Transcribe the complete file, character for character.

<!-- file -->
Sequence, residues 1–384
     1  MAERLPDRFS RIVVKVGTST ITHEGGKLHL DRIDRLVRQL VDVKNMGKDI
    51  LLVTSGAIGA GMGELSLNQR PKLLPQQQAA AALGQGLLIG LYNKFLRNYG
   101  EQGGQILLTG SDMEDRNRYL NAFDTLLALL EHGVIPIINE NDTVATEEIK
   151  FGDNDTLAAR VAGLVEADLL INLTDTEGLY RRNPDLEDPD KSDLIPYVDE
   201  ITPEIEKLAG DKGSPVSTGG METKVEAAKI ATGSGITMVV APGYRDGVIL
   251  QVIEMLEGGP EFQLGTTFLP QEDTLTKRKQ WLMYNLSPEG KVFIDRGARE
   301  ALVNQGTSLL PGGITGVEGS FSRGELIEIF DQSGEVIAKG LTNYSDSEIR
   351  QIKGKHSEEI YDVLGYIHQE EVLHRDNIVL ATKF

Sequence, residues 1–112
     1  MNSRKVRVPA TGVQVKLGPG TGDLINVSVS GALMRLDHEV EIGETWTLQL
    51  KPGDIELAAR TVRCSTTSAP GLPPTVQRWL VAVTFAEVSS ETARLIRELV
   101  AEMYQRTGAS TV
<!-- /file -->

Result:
Sequence, residues 1–384
     1  MAERLPDRFS RIVVKVGTST ITHEGGKLHL DRIDRLVRQL VDVKNMGKDI
    51  LLVTSGAIGA GMGELSLNQR PKLLPQQQAA AALGQGLLIG LYNKFLRNYG
   101  EQGGQILLTG SDMEDRNRYL NAFDTLLALL EHGVIPIINE NDTVATEEIK
   151  FGDNDTLAAR VAGLVEADLL INLTDTEGLY RRNPDLEDPD KSDLIPYVDE
   201  ITPEIEKLAG DKGSPVSTGG METKVEAAKI ATGSGITMVV APGYRDGVIL
   251  QVIEMLEGGP EFQLGTTFLP QEDTLTKRKQ WLMYNLSPEG KVFIDRGARE
   301  ALVNQGTSLL PGGITGVEGS FSRGELIEIF DQSGEVIAKG LTNYSDSEIR
   351  QIKGKHSEEI YDVLGYIHQE EVLHRDNIVL ATKF

Sequence, residues 1–112
     1  MNSRKVRVPA TGVQVKLGPG TGDLINVSVS GALMRLDHEV EIGETWTLQL
    51  KPGDIELAAR TVRCSTTSAP GLPPTVQRWL VAVTFAEVSS ETARLIRELV
   101  AEMYQRTGAS TV